Gum disease is one of the lesser-known complications that can affect patients with diabetes.
It is estimated that 1 in 3 diabetics suffer from periodontitis at some stage of their disease.
What does gum disease have to do with diabetes?
When diabetes is poorly managed, it can lead to or accelerate the development of periodontal diseases in both children and adults.
Higher than normal blood glucose levels cause higher than normal levels of glucose in the saliva which creates a fertile breeding ground for bacteria and in turn raises the risk of dental decay and gum disease.
What are the symptoms of gum disease?
The symptoms may include the following:
- Bleeding in mouth stimulated by brushing and/or flossing
- Swollen, red or tender gums
- Gums in recession
- Loose teeth
- Presence of pus between teeth/gums
- Changed bit or jaw alignment
- Persistent bad breath
To obtain an accurate diagnosis, consult a dental health expert.
What forms of gum disease could I be suffering from?
Gum diseases are usually classified according to the level to which the disease has advanced. These are as follows:
- Gingivitis: Gingivitis is the mildest form of gum disease, and is characterised by swollen, red or tender gums. This may cause them to bleed easily during standard dental health care routines such as brushing and flossing. Gingivitis can usually be averted by a dentist, and by following a home dental health care program.
- Periodontitis (Mild): When gingivitis goes untreated, it may lead to mild periodontitis. This stage of the disease will begin to erode the bone around the tooth. In order to prevent further erosion, it will be necessary for the patient to have prompt medical attention.
- Periodontitis (Severe): This is the most advanced stage of gum disease, and is characterised by significant tissue and bone loss around the teeth.
Risk factors for gum disease
The following factors raise the risk of developing gum disease:
- Regularly high blood glucose levels
- Insufficient oral hygiene
- Viral infections
- Certain medications - including some blood pressure medications may also increase risk
- Having any condition that affects immunity - such as Addison’s disease or HIV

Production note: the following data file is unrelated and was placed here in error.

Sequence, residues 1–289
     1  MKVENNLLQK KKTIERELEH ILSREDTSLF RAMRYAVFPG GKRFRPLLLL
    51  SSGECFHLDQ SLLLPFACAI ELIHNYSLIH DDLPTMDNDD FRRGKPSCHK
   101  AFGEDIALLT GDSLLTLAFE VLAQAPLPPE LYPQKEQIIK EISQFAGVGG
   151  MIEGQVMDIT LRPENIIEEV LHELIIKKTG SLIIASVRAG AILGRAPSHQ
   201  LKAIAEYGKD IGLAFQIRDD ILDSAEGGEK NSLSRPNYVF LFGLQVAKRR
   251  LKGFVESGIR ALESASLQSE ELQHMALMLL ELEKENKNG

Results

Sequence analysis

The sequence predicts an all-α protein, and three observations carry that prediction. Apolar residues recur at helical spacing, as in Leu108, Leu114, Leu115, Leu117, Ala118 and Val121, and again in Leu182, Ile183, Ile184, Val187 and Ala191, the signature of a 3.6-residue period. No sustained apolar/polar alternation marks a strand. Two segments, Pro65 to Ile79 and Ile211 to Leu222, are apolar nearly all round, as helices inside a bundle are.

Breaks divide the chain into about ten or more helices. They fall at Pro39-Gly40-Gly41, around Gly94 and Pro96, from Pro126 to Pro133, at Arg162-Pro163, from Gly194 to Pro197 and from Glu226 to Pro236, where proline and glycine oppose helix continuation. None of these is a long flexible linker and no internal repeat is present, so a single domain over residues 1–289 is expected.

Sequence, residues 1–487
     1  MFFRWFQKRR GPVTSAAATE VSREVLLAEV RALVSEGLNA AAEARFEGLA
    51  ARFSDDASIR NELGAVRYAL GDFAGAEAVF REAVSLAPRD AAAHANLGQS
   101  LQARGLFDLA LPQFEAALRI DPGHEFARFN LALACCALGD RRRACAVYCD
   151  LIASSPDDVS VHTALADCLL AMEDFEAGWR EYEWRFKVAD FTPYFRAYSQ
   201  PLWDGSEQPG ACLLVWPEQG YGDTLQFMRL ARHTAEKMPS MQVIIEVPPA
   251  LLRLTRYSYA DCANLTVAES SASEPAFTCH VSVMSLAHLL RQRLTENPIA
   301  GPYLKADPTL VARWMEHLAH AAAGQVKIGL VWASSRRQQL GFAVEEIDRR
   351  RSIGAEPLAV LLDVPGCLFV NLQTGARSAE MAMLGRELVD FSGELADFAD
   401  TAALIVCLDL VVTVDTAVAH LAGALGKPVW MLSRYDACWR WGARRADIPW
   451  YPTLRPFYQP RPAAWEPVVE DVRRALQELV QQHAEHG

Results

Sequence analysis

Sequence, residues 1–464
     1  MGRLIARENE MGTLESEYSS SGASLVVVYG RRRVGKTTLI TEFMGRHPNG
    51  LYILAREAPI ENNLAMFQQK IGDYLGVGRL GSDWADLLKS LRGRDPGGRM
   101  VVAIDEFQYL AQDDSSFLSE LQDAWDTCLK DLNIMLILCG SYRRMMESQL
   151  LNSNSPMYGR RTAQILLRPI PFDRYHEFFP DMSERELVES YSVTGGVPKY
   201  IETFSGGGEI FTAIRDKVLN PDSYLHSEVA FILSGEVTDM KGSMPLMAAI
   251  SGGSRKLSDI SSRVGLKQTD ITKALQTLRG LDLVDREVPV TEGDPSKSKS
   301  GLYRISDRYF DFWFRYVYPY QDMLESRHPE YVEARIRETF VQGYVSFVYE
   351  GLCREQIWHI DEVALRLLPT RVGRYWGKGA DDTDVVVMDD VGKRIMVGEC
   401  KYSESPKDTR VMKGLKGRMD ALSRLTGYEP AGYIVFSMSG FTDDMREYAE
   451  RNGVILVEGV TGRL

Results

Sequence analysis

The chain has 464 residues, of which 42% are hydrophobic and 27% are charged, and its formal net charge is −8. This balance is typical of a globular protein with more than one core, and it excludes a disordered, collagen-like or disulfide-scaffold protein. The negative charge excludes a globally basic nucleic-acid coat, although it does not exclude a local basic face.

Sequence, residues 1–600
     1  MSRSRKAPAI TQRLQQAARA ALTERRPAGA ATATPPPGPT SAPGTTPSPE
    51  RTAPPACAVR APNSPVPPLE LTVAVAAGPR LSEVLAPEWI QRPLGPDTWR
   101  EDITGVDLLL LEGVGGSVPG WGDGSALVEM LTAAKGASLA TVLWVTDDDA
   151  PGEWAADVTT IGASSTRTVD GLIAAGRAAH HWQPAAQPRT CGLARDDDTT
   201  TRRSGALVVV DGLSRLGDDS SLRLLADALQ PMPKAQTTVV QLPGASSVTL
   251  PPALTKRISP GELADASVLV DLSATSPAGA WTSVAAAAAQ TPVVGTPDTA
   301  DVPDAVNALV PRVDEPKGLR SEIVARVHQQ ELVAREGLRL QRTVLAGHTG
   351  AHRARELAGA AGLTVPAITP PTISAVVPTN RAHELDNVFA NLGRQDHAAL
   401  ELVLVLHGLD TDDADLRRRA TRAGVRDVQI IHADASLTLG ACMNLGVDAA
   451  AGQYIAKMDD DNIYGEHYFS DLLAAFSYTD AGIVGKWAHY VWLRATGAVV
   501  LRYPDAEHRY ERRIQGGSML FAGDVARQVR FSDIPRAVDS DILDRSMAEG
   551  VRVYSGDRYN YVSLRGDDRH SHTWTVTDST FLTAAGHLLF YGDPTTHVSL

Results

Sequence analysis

Diagnosis of gum disease
If you have the symptoms of gum disease, your dentist can provide you with a diagnosis and advice on treating gum disease.
Developed forms of gum disease such as periodontitis will require a dental examination to assess the scale of the problem. X-rays may be required to assess damage to the jaw or to the parts of teeth below the gum line.
How is gum disease treated?
Treating will involve maintaining strong oral hygiene and keeping your blood sugar levels well managed. Quitting smoking is also highly recommended to limit further damage.
Brushing your twice a day in the morning and evening and flossing your teeth daily can help to keep your teeth clean. Mouthwash may also be recommended by your dentist and you may need to visit a dental hygienist.
Antibiotics or painkillers may be prescribed for treating acute necrotising ulcerative gingivitis. Surgery may be required if gum disease is severe.
Severe periodontitis may require surgery to remove or replace gum tissue.
How will my periodontal disease be treated?
Periodontal disease is treated amongst diabetics in the same way as other patients. However, the specific treatment will be assessed depending on a variety of factors.
These will include the extent of the disease, your diabetes control and your tolerance of medications.
Following an assessment, and depending on the severity of the disease, a variety of techniques may be employed.
These can include:
- Plaque removal
- Dental implants and
- Soft-tissue grafts
What other oral problems may be caused by diabetes?
Unfortunately, the scope of diabetes to cause other oral problems is not limited to gum disease.
Dry mouth and all of the related problems that occur with it may also affect patients with diabetes.
How do I prevent gum disease and oral problems?
An appropriate dental health programme including regular brushing and flossing can go a long way to preventing oral problems associated with diabetes.
Managing your blood sugar well will also help to reduce the risk of developing periodontitis. Also, periodontitis can work the other way: as regular gum infections could impact upon blood sugar control and increase the risk of further diabetic complications.